Roza: So, we recently changed up our business model a bit. We used to be retail as well as wholesale but now, we are focusing on the wholesale aspect in out showroom, though we still do popups around the city. We are actually having a popup on March 18 and 20 to help Ukrainian brands. After a year and a half of operation, we took on Berri Goldfarb PR, as well as brand rep., Ginny Wong. Together, we tackle all the different aspects of the showroom. Berri takes on our bigger accounts that already have larger orders and sales. We just got Eva Longoria and Camila Cabello into some of our dresses. After I find a brand that has commercial potential, I first “prep” them, i.e., make sure they have look books, line sheets and production in place. Then I bring BGPR and Ginny into the mix. People often think that if they have a few cool pieces, they can be in Bloomingdale’s. Though customs forms and DHL accounts don’t sound as sexy, they are every bit as necessary.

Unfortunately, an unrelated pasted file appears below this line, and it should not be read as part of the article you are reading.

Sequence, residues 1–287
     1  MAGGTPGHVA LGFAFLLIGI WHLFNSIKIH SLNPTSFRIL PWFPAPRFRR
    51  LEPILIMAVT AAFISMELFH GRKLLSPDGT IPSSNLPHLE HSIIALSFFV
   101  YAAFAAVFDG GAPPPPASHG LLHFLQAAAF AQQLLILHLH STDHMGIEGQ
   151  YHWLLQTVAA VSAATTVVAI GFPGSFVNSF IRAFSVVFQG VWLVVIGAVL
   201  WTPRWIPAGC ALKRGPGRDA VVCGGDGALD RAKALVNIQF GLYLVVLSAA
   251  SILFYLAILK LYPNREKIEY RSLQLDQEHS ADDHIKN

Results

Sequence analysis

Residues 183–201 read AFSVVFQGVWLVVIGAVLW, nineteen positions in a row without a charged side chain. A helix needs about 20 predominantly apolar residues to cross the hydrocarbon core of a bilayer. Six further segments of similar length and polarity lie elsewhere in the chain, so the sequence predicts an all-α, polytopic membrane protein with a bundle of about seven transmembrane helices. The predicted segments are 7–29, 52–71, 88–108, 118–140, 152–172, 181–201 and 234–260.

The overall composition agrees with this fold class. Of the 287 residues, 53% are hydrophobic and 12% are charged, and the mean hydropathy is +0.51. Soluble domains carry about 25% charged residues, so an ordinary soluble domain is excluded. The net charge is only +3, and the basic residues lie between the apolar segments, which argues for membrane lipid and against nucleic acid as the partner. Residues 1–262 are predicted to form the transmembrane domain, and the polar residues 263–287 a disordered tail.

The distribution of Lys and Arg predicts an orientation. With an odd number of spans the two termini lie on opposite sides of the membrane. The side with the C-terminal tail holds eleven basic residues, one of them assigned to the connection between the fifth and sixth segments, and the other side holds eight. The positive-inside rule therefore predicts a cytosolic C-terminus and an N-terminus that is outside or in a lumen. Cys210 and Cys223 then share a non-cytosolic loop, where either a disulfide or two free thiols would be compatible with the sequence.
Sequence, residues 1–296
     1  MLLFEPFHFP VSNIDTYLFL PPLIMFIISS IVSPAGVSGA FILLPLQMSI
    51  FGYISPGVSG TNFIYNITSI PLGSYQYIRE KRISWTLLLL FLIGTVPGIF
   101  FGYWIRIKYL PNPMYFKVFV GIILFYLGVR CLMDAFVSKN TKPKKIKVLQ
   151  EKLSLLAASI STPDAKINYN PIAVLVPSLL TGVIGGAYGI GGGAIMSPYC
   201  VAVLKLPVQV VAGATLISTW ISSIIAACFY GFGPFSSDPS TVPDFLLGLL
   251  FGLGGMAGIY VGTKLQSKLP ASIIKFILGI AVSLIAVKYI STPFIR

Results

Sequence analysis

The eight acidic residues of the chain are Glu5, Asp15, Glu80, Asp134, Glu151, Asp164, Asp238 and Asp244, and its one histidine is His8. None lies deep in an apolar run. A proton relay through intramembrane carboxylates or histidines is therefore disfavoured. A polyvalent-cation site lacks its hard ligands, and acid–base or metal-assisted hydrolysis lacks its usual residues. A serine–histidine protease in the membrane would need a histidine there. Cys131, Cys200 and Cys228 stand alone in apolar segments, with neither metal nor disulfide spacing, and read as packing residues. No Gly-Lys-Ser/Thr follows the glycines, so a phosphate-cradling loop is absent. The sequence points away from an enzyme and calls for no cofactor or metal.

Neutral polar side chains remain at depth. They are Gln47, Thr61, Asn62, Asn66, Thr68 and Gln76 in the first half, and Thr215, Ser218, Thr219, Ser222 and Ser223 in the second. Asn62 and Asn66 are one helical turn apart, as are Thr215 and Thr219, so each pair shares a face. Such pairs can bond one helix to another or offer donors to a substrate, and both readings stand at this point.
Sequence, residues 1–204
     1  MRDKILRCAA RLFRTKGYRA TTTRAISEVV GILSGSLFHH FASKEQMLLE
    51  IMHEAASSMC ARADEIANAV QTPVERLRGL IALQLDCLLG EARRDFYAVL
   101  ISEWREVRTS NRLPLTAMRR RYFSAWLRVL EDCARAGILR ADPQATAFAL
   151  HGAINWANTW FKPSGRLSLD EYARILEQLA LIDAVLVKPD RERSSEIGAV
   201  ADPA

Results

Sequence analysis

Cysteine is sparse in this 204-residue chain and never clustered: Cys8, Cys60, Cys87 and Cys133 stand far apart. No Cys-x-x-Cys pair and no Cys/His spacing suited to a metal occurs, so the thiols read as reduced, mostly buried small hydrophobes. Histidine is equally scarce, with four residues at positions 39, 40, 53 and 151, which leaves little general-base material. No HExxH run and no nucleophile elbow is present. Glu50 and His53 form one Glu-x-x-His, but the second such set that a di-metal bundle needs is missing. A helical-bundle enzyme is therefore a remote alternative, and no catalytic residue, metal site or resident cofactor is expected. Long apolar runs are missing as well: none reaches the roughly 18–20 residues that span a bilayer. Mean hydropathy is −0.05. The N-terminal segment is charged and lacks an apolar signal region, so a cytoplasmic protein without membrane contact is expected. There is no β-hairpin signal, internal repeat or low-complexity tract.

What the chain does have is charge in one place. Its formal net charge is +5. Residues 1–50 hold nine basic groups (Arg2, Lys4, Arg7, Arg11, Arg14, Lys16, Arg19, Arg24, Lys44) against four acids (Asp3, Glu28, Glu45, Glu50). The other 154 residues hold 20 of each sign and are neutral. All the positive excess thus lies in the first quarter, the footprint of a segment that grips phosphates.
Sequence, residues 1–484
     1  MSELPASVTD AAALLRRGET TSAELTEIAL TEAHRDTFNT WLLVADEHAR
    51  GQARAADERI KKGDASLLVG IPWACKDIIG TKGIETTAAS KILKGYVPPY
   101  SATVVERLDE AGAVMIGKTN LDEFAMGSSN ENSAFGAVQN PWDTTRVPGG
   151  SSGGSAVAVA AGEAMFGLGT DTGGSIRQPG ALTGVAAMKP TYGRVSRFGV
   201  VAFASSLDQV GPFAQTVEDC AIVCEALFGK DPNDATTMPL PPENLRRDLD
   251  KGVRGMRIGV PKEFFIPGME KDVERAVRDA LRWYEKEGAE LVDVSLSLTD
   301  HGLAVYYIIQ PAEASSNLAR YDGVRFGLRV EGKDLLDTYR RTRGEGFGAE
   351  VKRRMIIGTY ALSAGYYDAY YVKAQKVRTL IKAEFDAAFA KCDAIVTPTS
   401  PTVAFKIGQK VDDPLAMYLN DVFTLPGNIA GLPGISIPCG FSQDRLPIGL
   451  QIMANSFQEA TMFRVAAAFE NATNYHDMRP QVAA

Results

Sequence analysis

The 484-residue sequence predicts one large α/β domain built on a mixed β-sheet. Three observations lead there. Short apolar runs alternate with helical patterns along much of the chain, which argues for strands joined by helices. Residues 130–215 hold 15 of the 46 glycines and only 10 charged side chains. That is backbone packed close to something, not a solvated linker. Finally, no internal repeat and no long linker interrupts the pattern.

Ilana: What is something you wish people knew about Israeli fashion?

Roza: That it’s very creative and original. The most important thing I want known that many people aren’t aware of is that 90 percent of Israeli brands manufacture in Gaza. So, if anyone says that we are an apartheid state or that we discriminate, all they must do is look at the fashion industry in Israel. A good amount is also produced in Jordan. I represent Israeli brands that have Arab CEOs, logistic partners, you name it. The story that the media weaves on TV and the everyday reality on the ground couldn’t be more different. In fact, we are doing a Kolbo pop-up in Tel Aviv during fashion week and featuring a couple Palestinian designers as well as scheduling press around them and their designs. I’m passionate to show people that Israelis and Palestinians work together and the more, the merrier. Opening Kornit Fashion Week is a fabulous designer from Abu Dhabi. As you can imagine, it’s a very big deal and she is bringing her own staff and journalists with her as well.

So, there you have it. A brief glimpse into the multi-faceted world of a Ukrainian, Israeli Entrepreneurial fashionista who shows how hard work, steadfast values and being a champion of and advocate for what inspires you will always be in style.